FACT: In reality, they are equally as important. Another PWC report found that showrooming (shopping locally for products but buying them online) had a 32% conversion, whereas webrooming (shopping online for products but buying them locally) had a 30% conversion. The only separating factor here is a meager 2% of consumers.
Furthermore, when shoppers were asked what the primary reason for them shopping online but purchasing the product locally was (when showrooming), 53% made it clear that it was specifically due to the ability to get the product immediately. With newer in-store price-matching offers from retailers, it’s cut an even line, or nearly, between webrooming and showrooming.
Myth: Desktop is More Popular Than Mobile
FACT: As a matter of fact, mobile shopper has already overtaken desktop shopping, albeit by a very thin margin. According to The Guardian, 52% of website visits to online retail stores in 2014 came from mobile devices. Mobile shoppers most often shopped via a tablet device (82%), with the remainder shopping via a smartphone (18%).
Since 2010, mobile shopping has increased by an astounding 2,000% to its current margin, up from the thin 3% it represented just five years ago. With Google’s new Mobile Update, retailers are being forced to convert from shopping apps to mobile-friendly websites, which is projected to increase this number even further in the years to come.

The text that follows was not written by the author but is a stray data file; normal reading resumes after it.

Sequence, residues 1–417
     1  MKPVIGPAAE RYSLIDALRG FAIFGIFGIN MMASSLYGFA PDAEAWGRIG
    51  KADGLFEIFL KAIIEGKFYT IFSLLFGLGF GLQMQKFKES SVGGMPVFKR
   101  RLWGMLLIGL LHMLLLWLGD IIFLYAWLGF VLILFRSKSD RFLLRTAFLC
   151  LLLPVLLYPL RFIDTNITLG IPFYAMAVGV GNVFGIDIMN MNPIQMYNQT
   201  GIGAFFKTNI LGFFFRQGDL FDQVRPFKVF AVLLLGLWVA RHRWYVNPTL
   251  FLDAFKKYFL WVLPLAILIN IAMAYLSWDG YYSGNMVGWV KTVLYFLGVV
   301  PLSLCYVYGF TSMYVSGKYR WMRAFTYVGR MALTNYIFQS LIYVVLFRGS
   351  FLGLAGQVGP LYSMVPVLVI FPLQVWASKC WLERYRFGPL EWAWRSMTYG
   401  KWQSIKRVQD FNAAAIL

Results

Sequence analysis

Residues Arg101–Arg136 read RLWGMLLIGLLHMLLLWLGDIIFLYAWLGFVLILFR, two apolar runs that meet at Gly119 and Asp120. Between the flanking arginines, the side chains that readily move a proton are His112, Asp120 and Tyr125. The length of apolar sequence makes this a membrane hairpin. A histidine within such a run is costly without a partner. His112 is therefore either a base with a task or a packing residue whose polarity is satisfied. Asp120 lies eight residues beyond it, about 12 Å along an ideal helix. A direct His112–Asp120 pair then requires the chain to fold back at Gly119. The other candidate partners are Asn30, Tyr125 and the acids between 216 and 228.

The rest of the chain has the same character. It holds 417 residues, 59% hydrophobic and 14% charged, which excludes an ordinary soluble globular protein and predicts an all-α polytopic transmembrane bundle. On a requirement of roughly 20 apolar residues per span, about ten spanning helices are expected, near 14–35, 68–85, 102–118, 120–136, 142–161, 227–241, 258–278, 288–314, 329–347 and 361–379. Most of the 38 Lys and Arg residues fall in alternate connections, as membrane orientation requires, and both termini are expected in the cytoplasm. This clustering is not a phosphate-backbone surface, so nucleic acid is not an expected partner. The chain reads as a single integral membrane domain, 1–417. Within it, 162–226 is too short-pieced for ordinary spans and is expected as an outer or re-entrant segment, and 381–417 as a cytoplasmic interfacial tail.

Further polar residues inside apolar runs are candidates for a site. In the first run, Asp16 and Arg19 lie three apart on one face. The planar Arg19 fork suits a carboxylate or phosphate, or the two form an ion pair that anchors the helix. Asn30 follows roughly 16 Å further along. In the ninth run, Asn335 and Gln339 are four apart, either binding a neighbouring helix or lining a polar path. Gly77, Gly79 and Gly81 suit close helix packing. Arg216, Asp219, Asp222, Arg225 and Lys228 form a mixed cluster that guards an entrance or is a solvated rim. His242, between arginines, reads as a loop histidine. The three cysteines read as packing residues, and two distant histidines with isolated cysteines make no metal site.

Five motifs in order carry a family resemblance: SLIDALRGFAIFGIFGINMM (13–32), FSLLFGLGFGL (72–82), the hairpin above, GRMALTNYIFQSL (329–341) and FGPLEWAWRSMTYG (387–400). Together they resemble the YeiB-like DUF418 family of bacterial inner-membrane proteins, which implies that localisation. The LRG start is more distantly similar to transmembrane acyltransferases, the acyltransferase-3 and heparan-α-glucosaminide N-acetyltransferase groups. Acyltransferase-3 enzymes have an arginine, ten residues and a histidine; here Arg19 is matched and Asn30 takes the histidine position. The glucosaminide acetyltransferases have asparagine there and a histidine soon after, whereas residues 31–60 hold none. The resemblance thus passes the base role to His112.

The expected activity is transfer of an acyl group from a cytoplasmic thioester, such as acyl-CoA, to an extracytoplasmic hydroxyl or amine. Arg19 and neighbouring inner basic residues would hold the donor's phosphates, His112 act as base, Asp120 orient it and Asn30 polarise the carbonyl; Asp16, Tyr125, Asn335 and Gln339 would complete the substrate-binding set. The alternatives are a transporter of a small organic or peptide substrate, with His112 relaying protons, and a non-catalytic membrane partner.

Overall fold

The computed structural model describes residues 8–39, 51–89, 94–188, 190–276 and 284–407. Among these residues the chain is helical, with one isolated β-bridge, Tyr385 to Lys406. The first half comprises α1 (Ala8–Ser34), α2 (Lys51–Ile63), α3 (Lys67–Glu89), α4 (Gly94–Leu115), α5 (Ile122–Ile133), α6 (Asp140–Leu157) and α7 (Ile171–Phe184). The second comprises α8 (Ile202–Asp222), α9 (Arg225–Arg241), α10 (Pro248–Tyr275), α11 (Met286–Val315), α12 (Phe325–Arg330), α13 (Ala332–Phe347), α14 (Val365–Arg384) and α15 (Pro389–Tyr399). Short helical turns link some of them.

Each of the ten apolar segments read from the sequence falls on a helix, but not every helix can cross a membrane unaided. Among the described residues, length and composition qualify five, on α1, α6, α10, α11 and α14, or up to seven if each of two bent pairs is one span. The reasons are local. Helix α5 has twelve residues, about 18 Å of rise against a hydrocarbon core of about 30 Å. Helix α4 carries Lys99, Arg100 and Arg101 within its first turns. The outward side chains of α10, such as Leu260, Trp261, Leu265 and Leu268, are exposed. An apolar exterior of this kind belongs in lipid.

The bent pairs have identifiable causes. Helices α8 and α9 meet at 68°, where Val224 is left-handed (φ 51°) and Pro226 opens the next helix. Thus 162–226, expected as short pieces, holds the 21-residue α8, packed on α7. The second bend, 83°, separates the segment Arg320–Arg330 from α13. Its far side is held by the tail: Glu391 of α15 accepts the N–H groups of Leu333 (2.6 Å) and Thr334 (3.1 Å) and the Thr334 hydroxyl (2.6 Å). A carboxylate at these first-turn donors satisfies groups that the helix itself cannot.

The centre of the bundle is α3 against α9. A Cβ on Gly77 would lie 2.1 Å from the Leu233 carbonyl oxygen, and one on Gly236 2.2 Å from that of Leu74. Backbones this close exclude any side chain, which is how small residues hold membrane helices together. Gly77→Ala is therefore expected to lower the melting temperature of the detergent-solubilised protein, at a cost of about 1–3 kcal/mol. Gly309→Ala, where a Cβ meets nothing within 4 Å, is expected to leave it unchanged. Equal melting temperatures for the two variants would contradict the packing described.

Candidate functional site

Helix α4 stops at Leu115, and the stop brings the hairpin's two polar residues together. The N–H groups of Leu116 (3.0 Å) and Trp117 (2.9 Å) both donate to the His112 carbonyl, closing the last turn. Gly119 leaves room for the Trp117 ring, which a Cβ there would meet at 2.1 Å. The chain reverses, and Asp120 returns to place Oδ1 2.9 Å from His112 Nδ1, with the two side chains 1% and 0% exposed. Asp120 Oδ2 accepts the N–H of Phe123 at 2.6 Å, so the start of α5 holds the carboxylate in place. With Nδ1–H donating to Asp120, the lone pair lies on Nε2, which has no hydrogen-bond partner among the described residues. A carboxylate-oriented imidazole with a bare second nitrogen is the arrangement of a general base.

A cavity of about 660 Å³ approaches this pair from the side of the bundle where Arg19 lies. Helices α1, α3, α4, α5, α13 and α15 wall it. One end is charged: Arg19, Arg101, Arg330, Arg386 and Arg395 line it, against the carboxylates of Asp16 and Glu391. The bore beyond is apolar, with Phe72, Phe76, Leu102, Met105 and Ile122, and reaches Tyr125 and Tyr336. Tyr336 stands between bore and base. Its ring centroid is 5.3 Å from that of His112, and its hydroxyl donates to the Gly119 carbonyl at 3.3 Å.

Myth: Online Shoppers Want the Lowest Prices
FACT: A common myth that prevails in regard to online shopping is that most people are shopping online to get the lowest price. But in actuality, this is not the case. In a Simon-Kucher survey, it was found that a vast majority of shoppers are not using the internet to find the lowest price on products.
Rather, consumers preferred the enhanced selection of goods, free shipping and easy online returns as the “determining factor.” Bear in mind that when shoppers can order something in a few clicks and have it delivered to their front door a few days later, for many this is more convenient than getting in the car and driving to the store to a find a product they don’t mind waiting to have.
Myth: Cyber Monday is the Most Profitable Day
FACT: Certainly, it is well-founded to presume that Cyber Monday is the most popular and profitable online shopping day of the year. But a new report is finding that Manic Monday, the second Monday in December, is actually more profitable for retailers.
In a Daily Mail report, it was found that UK consumers would spend £676million in just 24 hours online, pegging it as the most popular online shopping day of the year. It generated between £100million and £25million more in sales than Black Friday and Cyber Monday combined. This was namely because consumers waited to make their holiday purchases due to increased confidence that the packages would be delivered on time and before the yuletide.
Myth: You Lose Money on Returns
FACT: With the rate of returns pegged at about 33% of all products that are purchased online, according to WSJ, e-retailers certainly have their hands full managing their reverse logistics. While many businesses see returns as a cost that they must absorb, emerging studies prove otherwise, that offering hassle-free online product returns can actually make you money.